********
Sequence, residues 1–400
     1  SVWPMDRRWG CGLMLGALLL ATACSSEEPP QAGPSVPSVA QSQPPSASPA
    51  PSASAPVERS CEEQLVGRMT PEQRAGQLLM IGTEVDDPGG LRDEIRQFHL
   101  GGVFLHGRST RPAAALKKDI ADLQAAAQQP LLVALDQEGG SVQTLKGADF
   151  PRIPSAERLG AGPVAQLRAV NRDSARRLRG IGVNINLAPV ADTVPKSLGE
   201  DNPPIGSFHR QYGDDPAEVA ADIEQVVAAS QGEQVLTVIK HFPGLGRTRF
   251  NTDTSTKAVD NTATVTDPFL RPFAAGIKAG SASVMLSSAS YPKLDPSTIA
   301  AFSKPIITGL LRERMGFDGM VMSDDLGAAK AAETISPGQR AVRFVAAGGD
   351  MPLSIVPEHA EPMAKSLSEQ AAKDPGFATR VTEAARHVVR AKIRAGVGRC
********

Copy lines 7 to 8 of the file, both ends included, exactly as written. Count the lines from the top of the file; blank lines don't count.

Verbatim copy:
   251  NTDTSTKAVD NTATVTDPFL RPFAAGIKAG SASVMLSSAS YPKLDPSTIA
   301  AFSKPIITGL LRERMGFDGM VMSDDLGAAK AAETISPGQR AVRFVAAGGD